Once again it is the anniversary of the deaths of 6 professors, their housekeeper and her child at the University of Central America in El Salvador This year the protest is at the border ( U.S./Mexico) and Women priests will be well represented I mourn my absence-and take solace in sharing this story
Reflections of a Mourner
November 23, 2014
Today I am Rufina Amaya. This 25th anniversary of the death of 6 professors and their housekeeper and her daughter is being commemorated at the School of Americas at Ft. Benning, Ga. Early today a young girl from India painted my face in mourning, white, white, so the red of the tears cascading down my cheeks would show the deepest sorrow. It was a sharing of who she and I were in this moment in time, in a pageant that would soon unfold. A black shroud covers my body. It matches the black shroud covering the coffins carried before us in this long procession of remembrance. Presente! We cry out - “You are with us today”. This act of faith, this act of defiance against the Powers that allow the ongoing training of Latin American military who then return to their country and commit some of the worst crimes against their own people echoes in the hills that surround the School of Americas.
Today I am Rufina. Some ten years ago I stood in the village of El Mozote before the crude adobe brick memorial naming those who once lived in this peaceful village. Rufina, this brave woman was the sole survivor of this village massacre on December 11 and 12, 1981.
She recounts for us, a delegation of Witness for Peace, her story.”Mama, they’re killing me. They’ve killed my sister. They’re gong to kill me,,” cried her 9 year old son Cristino and her daughters Maria Delores, Maria, Lilian, Maria Isabel ages 5, 3, and the 8 months old baby were also to die this day.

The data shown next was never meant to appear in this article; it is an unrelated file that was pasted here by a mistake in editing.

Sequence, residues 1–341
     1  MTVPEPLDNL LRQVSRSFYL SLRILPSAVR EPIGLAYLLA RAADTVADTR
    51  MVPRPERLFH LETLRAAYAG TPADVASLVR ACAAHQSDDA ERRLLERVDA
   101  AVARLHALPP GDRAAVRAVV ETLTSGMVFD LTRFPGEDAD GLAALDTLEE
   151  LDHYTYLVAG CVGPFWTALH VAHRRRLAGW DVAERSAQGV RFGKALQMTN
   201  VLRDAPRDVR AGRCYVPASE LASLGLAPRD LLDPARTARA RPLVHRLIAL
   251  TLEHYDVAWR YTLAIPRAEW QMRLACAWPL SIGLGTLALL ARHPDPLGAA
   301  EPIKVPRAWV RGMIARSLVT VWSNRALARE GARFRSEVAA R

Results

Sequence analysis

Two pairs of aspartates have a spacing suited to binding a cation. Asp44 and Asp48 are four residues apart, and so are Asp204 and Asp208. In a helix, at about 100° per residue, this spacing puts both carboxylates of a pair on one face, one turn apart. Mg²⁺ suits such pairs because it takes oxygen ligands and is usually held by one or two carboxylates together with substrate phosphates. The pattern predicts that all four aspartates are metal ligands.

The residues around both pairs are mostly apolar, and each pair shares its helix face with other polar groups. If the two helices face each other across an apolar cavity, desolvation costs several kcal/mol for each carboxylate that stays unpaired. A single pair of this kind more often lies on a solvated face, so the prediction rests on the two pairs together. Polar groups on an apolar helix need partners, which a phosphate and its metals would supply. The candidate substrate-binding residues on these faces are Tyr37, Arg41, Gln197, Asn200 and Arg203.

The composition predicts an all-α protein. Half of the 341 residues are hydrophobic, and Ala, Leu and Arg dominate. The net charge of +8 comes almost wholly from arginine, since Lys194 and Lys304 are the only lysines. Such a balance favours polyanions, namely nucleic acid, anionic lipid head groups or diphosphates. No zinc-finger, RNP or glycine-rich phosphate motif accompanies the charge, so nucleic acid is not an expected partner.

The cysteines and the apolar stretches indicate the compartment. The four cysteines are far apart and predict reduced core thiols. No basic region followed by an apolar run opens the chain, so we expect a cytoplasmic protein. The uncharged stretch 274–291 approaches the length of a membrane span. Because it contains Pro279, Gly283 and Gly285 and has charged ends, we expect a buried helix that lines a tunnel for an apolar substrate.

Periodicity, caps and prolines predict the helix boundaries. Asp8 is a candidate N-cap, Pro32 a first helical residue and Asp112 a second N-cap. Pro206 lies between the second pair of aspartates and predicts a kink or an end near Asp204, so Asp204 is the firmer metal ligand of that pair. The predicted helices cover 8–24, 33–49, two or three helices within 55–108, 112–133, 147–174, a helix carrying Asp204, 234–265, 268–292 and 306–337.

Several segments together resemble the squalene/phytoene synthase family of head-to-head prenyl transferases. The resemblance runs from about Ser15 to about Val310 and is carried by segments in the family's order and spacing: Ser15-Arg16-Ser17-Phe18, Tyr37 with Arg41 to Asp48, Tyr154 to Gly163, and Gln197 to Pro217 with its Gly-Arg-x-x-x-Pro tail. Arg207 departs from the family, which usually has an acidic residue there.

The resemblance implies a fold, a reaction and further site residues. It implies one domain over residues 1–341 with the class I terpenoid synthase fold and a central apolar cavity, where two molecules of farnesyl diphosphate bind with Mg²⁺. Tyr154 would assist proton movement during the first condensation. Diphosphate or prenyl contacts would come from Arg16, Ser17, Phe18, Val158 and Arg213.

Rufina was returning to the village on this tragic day and heard the screams of many of the villagers - identifying, as only a mother could, those of her children. She watched in horror as her parents, sisters, brothers, husband, and children were herded into the schoolhouse, the building then riddled with bullets and set afire. This after the rape of the women witnessed by their loved ones. Her husband Domingo who dared to protest was decapitated as she watched in horror!
She distanced herself from the scene, overcome with grief, knowing any effort by her would be futile, she dug a hole in the ground and put her face in and sobbed - this by her own account as we stood in this village of El Mozote and wept with her
Today I am Rufina as I walk in the echoing hills in procession, seeing others overcome by sorrow as they place their crosses on the gates of this notorious enclosure! Today we are all victims of a government that refuses to acknowledge its role in these massacres
and in so many others.
Rufina’s testimony of these attacks, reported shortly after by two American journalists, was called into question by the U.S. and Salvadorian governments. It was not until the United Nations Truth Commission for El Salvador in November 1992 when the bodies buried at the site were exhumed and the commission’s published conclusion proved Amaya’s testimony had ‘accurately represented the events.”
Today I am Rufina Amaya as thousands stand before the gates of Ft. Benning, challenging our governments disbelief of the crimes committed by graduates of this notorious school.
Today I weep, I mourn, and I honor the memory of this courageous woman Rufina Amaya, sole survivor of the El Mozote massacre, who spoke truth to power!
Rita Lucey, wife, mother, grandmother is an 80 year old activist, a member of Amnesty International, ACLU, Pax Christi, and the United Nations Association. In 1998 Rita was sentenced to six months in Federal Prison for protesting at the School of Americas, aka Western Hemispheric Institute for Security Cooperation (WHINSC) She will be ordained a Roman Catholic woman priest (arcwp.org)January 2015 in Orlando, Fl.